The following two stories come from the June 21 issue of Catholic San Francisco; both were written by Valerie Schmalz.
Come and teach
A long-predicted California teacher shortage is now hitting Catholic elementary schools in the Archdiocese of San Francisco, with many parish schools still looking to fill one or more positions at a time when principals usually have next year’s staff roster wrapped up.
“We do have a tremendous shortage,” said Maureen Grazioli, principal of St. Charles School in San Carlos. “The shortage exists not just in the Catholic schools, but in the public schools.” A scan of the San Mateo public school job postings showed about 200 vacancies listed online, she said.
Four years ago the spring archdiocesan teachers’ fair drew “an amazing selection” of teacher candidates, Grazioli said. “Last year and this year there were more principals at tables than visitors,” the San Carlos Catholic school principal said.
The archdiocesan Department of Catholic Schools is in the midst of increasing the salaries across the board for elementary school teachers, for the 2017-18 school year, said Associate Superintendent for Professional and Educational Leadership Bret E. Allen. A draft of the proposed new three-year salary scale is being prepared by an ad hoc committee which will share it with pastors and principals for their input, he said.
“….It has become a real issue in our area,” said Vince Riener, principal of All Souls School in South San Francisco, noting some principals are looking for teachers outside of the U.S. Teachers relocating to the Bay Area from elsewhere in the U.S. are also among new hires, Grazioli said. A California credential requirement that teachers have one semester of public school teaching experience can hamper hiring too, Riener said. The requirement can make it harder for Catholic school teachers hired with a college degree to get their credential while continuing to work at a Catholic school.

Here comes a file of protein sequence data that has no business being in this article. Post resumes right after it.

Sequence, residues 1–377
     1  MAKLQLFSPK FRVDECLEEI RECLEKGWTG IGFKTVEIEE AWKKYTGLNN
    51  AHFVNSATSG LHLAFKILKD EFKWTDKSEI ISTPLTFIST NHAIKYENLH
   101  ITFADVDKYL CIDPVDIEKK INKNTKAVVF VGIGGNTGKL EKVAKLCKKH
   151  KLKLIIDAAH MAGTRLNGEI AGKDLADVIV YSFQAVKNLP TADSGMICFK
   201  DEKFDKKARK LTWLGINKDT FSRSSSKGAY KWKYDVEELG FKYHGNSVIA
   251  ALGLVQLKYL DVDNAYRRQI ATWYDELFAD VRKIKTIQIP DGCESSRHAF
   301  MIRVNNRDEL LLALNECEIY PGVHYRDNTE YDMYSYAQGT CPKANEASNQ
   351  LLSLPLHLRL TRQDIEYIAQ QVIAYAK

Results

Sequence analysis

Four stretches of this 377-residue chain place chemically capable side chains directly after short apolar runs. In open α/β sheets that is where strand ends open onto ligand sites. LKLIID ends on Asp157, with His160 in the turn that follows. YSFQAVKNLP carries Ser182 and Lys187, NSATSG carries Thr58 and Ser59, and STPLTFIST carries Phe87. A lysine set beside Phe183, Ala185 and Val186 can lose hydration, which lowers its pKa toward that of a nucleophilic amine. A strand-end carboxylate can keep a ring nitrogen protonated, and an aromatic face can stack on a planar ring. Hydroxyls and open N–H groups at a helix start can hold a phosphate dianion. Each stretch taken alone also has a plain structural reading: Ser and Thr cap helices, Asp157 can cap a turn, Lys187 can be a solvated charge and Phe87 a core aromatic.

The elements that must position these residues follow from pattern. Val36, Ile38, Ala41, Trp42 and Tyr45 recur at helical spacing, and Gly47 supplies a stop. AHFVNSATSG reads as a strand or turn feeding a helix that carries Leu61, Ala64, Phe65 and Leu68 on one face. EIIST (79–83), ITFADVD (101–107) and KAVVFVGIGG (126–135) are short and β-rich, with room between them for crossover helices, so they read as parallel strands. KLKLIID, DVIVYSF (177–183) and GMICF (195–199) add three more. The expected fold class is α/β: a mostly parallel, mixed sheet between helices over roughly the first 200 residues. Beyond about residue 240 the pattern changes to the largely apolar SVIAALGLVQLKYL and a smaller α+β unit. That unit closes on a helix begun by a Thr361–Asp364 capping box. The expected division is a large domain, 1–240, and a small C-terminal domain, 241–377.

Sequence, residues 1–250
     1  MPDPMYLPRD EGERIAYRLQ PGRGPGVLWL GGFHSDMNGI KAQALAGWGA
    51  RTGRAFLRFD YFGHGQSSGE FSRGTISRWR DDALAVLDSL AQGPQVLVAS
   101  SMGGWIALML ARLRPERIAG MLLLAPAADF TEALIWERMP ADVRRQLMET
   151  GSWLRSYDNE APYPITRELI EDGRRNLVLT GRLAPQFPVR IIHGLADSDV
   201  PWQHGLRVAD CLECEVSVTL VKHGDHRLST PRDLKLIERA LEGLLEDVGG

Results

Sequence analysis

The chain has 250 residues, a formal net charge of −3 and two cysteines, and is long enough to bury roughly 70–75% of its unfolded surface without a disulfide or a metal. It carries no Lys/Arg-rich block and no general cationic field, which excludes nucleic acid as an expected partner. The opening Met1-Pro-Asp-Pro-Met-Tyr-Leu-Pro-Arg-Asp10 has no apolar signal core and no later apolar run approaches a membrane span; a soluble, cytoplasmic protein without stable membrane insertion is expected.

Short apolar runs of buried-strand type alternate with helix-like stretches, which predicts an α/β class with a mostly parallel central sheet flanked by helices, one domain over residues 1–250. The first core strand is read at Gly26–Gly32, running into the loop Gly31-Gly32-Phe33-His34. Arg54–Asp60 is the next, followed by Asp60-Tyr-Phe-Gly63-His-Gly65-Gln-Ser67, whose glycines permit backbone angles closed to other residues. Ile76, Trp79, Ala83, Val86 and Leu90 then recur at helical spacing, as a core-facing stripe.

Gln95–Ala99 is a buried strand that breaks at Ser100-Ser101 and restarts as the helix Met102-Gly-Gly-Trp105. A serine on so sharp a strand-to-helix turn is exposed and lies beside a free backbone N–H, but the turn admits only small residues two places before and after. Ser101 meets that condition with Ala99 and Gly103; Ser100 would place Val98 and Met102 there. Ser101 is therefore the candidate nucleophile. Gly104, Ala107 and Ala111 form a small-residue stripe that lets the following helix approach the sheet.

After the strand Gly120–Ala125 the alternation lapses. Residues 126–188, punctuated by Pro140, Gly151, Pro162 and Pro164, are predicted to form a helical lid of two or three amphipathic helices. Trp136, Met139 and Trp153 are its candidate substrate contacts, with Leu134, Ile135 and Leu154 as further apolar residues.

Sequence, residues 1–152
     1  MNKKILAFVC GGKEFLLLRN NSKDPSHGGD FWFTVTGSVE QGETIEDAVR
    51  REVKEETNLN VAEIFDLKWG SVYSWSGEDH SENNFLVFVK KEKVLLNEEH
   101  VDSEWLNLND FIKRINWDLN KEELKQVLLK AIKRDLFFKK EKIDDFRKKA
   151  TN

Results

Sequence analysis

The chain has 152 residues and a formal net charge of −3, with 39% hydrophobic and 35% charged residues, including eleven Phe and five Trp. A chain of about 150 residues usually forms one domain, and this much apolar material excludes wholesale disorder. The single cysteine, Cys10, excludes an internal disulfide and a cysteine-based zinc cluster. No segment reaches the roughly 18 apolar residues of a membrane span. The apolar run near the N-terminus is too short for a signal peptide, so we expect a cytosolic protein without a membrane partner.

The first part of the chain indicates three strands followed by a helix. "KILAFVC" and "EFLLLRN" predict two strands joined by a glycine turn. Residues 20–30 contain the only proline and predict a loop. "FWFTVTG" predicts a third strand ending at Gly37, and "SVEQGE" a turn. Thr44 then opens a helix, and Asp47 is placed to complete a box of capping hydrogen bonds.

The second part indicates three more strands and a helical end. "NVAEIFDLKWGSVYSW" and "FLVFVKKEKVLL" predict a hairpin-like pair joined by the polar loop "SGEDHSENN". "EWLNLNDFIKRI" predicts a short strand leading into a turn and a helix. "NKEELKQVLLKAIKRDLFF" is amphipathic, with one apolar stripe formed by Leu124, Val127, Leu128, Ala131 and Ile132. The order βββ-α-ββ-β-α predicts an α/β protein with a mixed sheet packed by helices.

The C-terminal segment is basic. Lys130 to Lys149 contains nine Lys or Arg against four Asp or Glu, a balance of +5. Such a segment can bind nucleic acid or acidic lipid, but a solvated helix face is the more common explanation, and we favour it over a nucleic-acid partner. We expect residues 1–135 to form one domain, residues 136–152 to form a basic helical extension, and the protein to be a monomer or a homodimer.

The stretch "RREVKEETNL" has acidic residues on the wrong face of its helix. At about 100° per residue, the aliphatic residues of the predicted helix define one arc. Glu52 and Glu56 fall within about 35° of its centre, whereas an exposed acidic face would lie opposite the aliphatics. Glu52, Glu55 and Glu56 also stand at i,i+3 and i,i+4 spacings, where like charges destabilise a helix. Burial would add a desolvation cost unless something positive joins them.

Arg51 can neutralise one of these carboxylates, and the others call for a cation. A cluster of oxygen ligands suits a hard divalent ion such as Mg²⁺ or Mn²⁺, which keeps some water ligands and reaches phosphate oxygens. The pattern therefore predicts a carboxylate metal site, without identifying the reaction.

A June 10 Catholic San Francisco search for teacher job postings on EdJoin.org, the educator job portal, returned 8,292 job postings for a total of 16,044 job vacancies listed in California. Earlier, in mid-October, two months after the 2015-16 school year stated, EdJoin.org still listed more than 3,900 open teaching positions in California, double the number in 2013….
A first-year Catholic elementary teacher with a bachelor’s degree and a California education credential will make $46,512 in the 2016-17 school years in the Archdiocese of San Francisco, Allen said. A starting teacher with just a bachelor’s degree but not yet with a credential will make $41,600, Allen said. San Francisco Unified School District’s salary scale lists a first year starting salary for a credentialed teacher as $52,657.
With 34 percent of teachers statewide age 50 and older, and nearly 10 percent age 60 and older, retirements will continue to be a factor, for the next 5 to 10 years, according to “Addressing California’s Emerging Teacher Shortage.” However, non-retirement attrition is more significant, typically accounting for two-thirds of teachers who leave, the report by the Palo Alto think tank, said.
At the same time, the supply of new K-12 teachers overall is at a 12-year low, partly because of years of layoffs and salary freezes in the public school systems which discouraged students from choosing teaching. That is now being reversed in the improved economy, according to the report.
High school is a time when teens are considering what to do with their lives – and the Archdiocese of San Francisco is offering young men an opportunity to learn a bit more about the priesthood and religious life.
Archdiocesan vocations director Father David Schunk is launching a vocations discernment camp July 31-Aug. 2 where young men of high school age can learn about the priesthood and religious life in a relaxed and reflective environment. Discernment weekends for high school students are a growing trend, said Father Schunk. “This is spreading; more and more dioceses are doing it,” he said.
Seminarians will help with the weekend at the Diocese of Oakland youth retreat center in Lafayette. The St. Thomas the Apostle/St. Monica youth and family minister Ryan Dilag will help Father Schunk run the weekend. There will be guest speakers, opportunities for prayer, and recreation. Families are asked to contribute $50 for the camp but scholarships are available. Application deadline is July 1.
A man needs to have graduated from high school, at the earliest, to be accepted for priestly formation, and Father Schunk said right now there is one seminarian who is college age. Most of the men are in their 20s and 30s. The weekend is a chance to think seriously about – or rule out – the priesthood or religious life, he said.